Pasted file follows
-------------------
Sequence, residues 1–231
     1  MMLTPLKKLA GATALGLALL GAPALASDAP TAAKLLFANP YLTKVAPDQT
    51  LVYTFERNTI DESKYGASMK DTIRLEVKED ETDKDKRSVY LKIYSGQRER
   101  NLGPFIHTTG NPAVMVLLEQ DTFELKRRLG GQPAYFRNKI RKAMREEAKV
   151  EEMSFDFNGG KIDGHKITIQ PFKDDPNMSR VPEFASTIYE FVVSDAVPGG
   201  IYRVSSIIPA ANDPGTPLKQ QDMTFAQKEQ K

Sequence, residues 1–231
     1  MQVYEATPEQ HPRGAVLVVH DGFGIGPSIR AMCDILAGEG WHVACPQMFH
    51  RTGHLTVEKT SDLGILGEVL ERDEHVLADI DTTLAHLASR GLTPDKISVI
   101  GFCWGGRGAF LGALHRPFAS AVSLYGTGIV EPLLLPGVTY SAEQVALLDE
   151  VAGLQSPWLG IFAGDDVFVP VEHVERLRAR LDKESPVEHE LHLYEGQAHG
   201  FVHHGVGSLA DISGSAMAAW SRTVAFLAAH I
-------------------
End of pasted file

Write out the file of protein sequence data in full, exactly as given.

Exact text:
Sequence, residues 1–231
     1  MMLTPLKKLA GATALGLALL GAPALASDAP TAAKLLFANP YLTKVAPDQT
    51  LVYTFERNTI DESKYGASMK DTIRLEVKED ETDKDKRSVY LKIYSGQRER
   101  NLGPFIHTTG NPAVMVLLEQ DTFELKRRLG GQPAYFRNKI RKAMREEAKV
   151  EEMSFDFNGG KIDGHKITIQ PFKDDPNMSR VPEFASTIYE FVVSDAVPGG
   201  IYRVSSIIPA ANDPGTPLKQ QDMTFAQKEQ K

Sequence, residues 1–231
     1  MQVYEATPEQ HPRGAVLVVH DGFGIGPSIR AMCDILAGEG WHVACPQMFH
    51  RTGHLTVEKT SDLGILGEVL ERDEHVLADI DTTLAHLASR GLTPDKISVI
   101  GFCWGGRGAF LGALHRPFAS AVSLYGTGIV EPLLLPGVTY SAEQVALLDE
   151  VAGLQSPWLG IFAGDDVFVP VEHVERLRAR LDKESPVEHE LHLYEGQAHG
   201  FVHHGVGSLA DISGSAMAAW SRTVAFLAAH I